Dallas Roofing are important builders who contribute to a person’s home. The roof is the icing on the cake in terms of curb appeal and functionality. This item literally covers everything in a dwelling, from drywall to ceilings and carpets to furniture, not to mention the inhabitants.
If this part of a house is falling apart, peeling, leaky or installed in an incompetent manner, it can be a challenging problem to live with and cause damage to other structures. Hiring a quality crew of roofers will make a big difference in how a residence looks and functions. There are some workers that are best avoided. Here are some things to think about:
Unlicensed handymen: The unlicensed handyman is perfect for an array of jobs. The roof; however, is not one of them. Handymen and handy women are great for building decks, shelves, painting or ripping out flooring. They are not usually competent in crucial structures such as roof, electric or plumbing installs. The exception to this rule would be a handyman who used to work for a roofing company.
Those that solicit door-to-door: Door-to-door salesmen who come to try to score a roofing job without being solicited may be scam artists. Estimates are best given when the homeowner has solicited the quotes because it’s evident that a new layer of shingles is in order.
A scam scenario that sometimes occurs is when an unsolicited construction team knocks on homeowners’ doors to tell them that there is a dreadful problem with a part of their home that the owners were not aware of. Many of these scam artists offer an unbelievably low price and want money upfront. The problem is that they take the down payment and are never to be seen again.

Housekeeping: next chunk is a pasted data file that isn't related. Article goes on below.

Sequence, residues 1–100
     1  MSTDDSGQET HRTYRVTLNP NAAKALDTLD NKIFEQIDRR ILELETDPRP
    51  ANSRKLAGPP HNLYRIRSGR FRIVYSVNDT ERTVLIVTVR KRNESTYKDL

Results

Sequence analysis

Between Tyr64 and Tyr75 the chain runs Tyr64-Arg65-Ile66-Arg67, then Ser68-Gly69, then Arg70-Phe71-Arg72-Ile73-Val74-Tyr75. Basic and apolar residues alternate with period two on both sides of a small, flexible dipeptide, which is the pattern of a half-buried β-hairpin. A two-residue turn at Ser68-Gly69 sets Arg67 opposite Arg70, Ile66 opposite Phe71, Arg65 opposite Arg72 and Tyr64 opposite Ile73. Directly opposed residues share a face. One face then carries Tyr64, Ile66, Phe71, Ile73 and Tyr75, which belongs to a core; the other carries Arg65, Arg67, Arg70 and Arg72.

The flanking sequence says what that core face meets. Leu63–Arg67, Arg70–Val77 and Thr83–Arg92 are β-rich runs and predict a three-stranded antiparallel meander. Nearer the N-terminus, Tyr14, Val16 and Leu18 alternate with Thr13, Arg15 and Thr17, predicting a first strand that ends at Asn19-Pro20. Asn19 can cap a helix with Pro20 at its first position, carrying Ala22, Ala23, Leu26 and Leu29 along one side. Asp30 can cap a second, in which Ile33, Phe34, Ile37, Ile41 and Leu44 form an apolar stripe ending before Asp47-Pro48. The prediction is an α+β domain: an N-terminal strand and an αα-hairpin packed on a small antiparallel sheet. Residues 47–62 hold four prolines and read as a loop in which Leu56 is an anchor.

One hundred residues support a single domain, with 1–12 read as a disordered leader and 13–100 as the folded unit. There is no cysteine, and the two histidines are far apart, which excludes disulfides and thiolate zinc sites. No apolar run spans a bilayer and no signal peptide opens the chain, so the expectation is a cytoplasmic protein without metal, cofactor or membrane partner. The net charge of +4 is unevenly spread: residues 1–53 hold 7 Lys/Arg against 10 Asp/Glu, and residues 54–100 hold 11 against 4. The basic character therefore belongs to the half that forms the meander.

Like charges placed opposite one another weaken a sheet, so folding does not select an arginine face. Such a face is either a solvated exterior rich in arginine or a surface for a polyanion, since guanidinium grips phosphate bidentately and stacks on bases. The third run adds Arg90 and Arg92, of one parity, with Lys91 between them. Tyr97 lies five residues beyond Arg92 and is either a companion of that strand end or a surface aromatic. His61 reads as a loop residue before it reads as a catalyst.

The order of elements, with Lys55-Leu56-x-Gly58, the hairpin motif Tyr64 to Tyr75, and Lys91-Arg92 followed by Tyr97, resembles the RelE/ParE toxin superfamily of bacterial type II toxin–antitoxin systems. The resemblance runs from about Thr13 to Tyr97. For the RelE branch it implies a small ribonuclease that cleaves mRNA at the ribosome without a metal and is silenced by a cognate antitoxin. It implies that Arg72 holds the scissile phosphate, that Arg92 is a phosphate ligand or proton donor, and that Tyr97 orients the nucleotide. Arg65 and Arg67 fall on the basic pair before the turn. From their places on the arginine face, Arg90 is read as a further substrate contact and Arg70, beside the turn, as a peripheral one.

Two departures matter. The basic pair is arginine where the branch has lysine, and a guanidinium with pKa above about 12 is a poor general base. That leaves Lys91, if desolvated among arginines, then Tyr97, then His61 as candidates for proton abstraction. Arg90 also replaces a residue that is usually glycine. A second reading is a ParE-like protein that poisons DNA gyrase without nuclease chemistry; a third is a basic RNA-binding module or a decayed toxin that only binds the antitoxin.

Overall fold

Before entering into any remodeling agreement, a homeowner should solicit the information, check references and look into the company’s reputation via the Better Business Bureau, the board of contractors and online reviews.
Verbal estimates: A roofer that gives a verbal estimate is really not giving a homeowner anything. Estimates must always be in writing and signed by the contractor. It’s impossible to give an estimation based on a drive-by or simply over the phone with measurements.
An experienced estimator will need a ladder, calculator, measuring tape and forms to write the figures on. Items listed in the estimate should include sales tax, dump fees, tear off, clean up and shingle delivery fees. Any rotten boards underneath the old shingles will need to be replaced and these figures need to be specified, as well.
Obtaining three estimates is a good rule of thumb so that the homeowner can make an accurate comparison. Rude or tardy: Contractors should be punctual and polite. Anything less than that places them in the “just say no” category. A person’s behavior speaks volumes about his or her ethics.